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How the Marines Prepared Me to Be a Better Employee

JEFF KARR
Risk Advisor
Corporal, US Marines, 2002-2006

marinesHave you ever heard the term “JJ DID TIE BUCKLE?”  If you’ve ever been in the Marines, I’m sure you have.  For the uninitiated, It’s an acronym for the 13 leadership traits that are instilled in every Marine:

  • Judgement
  • Justice
  • Decisiveness
  • Initiative
  • Dependability
  • Tact
  • Integrity
  • Endurance
  • Bearing
  • Unselfishness
  • Courage
  • Knowledge
  • Loyalty
  • Enthusiasm

It’s those traits that prepared me to be a hard-working, dependable team member (or at least I’d like to think so), regardless of the organization I’m part of.

Now, I’m going to be completely honest here and say that I wasn’t the most hard-working or dependable person when I joined the Marines.  I was your typical high school slacker that thought I knew it all.  Boy, was I wrong!  Thankfully, the Marines are an organization that instills you with the traits and principles to be not only professional, but be a confident leader in every situation – especially when others lives are on the line.

It was a big change to leave the Marines after 4 years and go back to civilian life.  There are some things that are, without a doubt, much better.  For example, I don’t have to be a light sleeper, or walk 15 miles with a 50 pound pack on.  I get up every morning, drive to work, and go about the tasks of the day – solving your wicked problems.  I get to go home every night (or almost every night) and sleep in my own bed – no more setting up tents or sleeping under the stars (although some of the most beautiful nights I’ve ever seen were under the stars in the middle of the desert).  The best part about the whole thing?  No one’s shooting at me, and there aren’t any bombs in the roadway I need to worry about.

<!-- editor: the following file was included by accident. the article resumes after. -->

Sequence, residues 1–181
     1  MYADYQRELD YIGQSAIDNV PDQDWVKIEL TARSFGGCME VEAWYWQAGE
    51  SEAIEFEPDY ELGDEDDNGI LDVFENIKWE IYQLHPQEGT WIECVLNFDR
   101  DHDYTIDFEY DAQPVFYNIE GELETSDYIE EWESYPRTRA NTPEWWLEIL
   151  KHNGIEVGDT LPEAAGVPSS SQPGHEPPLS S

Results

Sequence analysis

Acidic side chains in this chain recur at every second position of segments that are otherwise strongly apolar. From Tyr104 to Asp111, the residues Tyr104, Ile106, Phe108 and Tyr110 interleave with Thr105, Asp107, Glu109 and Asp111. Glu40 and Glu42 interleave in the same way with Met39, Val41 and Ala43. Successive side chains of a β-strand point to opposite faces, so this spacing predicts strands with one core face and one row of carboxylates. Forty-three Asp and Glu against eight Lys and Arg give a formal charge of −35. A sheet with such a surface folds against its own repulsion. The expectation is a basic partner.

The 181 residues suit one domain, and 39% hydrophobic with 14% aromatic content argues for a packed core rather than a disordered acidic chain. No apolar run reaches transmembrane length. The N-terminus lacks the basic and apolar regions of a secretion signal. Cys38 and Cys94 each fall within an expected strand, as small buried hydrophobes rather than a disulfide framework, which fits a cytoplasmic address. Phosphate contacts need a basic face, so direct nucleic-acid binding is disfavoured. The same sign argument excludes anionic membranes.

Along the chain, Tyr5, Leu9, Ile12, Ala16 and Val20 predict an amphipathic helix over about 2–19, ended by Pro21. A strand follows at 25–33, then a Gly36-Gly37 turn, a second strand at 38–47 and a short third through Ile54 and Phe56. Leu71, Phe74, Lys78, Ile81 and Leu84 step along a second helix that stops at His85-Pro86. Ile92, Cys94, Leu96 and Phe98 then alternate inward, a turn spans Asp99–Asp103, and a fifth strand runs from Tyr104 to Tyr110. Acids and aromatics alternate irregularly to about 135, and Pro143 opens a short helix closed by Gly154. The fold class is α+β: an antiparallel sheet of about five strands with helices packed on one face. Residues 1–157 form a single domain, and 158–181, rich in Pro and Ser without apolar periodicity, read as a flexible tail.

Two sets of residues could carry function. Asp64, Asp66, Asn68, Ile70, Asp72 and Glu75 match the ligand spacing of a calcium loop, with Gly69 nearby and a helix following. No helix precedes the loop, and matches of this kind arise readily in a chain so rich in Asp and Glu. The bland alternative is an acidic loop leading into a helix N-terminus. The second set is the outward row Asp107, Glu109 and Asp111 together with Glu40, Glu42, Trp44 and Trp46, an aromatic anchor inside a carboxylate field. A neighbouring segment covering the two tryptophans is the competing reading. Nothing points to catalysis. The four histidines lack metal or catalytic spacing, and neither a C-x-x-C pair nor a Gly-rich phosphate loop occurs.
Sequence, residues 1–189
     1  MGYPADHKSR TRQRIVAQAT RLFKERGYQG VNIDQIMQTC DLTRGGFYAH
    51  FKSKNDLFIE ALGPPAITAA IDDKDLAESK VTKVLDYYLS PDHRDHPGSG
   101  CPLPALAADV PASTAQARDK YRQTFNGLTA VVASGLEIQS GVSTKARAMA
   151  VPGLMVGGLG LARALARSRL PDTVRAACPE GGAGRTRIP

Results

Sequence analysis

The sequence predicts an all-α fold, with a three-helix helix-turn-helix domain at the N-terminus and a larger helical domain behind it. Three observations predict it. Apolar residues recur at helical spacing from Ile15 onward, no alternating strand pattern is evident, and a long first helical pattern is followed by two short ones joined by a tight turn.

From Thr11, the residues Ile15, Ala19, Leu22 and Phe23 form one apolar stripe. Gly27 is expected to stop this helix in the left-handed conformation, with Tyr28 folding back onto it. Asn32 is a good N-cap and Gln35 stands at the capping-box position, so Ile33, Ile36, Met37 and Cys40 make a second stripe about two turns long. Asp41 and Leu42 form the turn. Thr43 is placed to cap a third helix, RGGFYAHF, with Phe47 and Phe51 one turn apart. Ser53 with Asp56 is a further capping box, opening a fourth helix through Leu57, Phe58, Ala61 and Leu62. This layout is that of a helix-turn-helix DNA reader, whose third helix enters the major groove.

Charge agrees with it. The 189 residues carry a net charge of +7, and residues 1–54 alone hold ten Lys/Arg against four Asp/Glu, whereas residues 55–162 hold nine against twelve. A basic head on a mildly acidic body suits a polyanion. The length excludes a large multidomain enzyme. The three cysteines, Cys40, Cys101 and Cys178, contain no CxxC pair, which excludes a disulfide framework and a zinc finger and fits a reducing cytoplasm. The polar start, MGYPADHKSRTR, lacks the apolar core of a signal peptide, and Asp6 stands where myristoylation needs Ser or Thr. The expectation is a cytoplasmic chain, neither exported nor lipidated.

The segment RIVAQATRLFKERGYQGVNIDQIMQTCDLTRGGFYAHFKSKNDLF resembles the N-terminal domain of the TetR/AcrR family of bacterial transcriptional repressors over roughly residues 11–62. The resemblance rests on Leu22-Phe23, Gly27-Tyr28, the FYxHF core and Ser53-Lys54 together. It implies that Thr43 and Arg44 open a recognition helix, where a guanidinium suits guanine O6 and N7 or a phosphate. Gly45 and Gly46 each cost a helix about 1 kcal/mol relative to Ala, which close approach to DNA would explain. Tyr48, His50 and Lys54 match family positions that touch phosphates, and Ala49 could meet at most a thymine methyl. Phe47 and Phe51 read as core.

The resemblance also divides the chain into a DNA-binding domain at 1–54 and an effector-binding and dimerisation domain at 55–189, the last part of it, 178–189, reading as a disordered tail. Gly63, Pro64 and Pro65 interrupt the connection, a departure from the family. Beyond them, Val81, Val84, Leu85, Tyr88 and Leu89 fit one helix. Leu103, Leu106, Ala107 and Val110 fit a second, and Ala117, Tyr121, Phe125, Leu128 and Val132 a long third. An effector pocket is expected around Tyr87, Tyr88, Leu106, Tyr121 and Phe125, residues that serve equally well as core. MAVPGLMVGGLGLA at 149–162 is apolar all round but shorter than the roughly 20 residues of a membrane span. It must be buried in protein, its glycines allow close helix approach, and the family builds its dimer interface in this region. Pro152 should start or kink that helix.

I got out of the Marines in 2006, and had no idea what I was going to do with my life.  I had 4 years of logistics experience, but no college degree.  I was worried that I wouldn’t be able to find work.  Concerned about paying the bills, I gave my resume to my best friend, a diesel mechanic (there’s nothing wrong with turning wrenches for a living) who in turn, gave it to his boss.  Much to my surprise, I was told that I was overqualified to be a mechanic and he would pass it on to some other companies.  Several days later, I received a call from a large trucking company asking me to come in for an interview.  I remember asking about my education history – I didn’t have a college degree.  The interviewer said something to me that has stuck with me ever since – “you may not have a college degree, but you have life experience – and we’ll take that over a piece of paper any day of the week.”

After thinking long and hard about it, he was right.  My logistics training in the Marines was extremely valuable.  Running airports and seaports across the world, with civilian counterparts – under extremely tight schedules -  gave me the skills to efficiently dispatch trucks and communicate with customers.  Being trained on the latest technology made me a “tech savvy” employee.  Working 18 and 19 hours a day taught me that work doesn’t end at 5 – it ends when the job is done.

It’s a daunting task to spend 4 years in the military and then try and transition back into civilian life.  But have no fear.  There are jobs out there for veterans, and employers are looking to hire you.  There are also veteran’s organizations throughout the country that are willing to help you with your transition.  Remember your training – not only your trade – but also “JJ DID TIE BUCKLE” and you’ll be just as successful in the professional world as you were in the military world.

Topics: Construction Transportation Manufacturing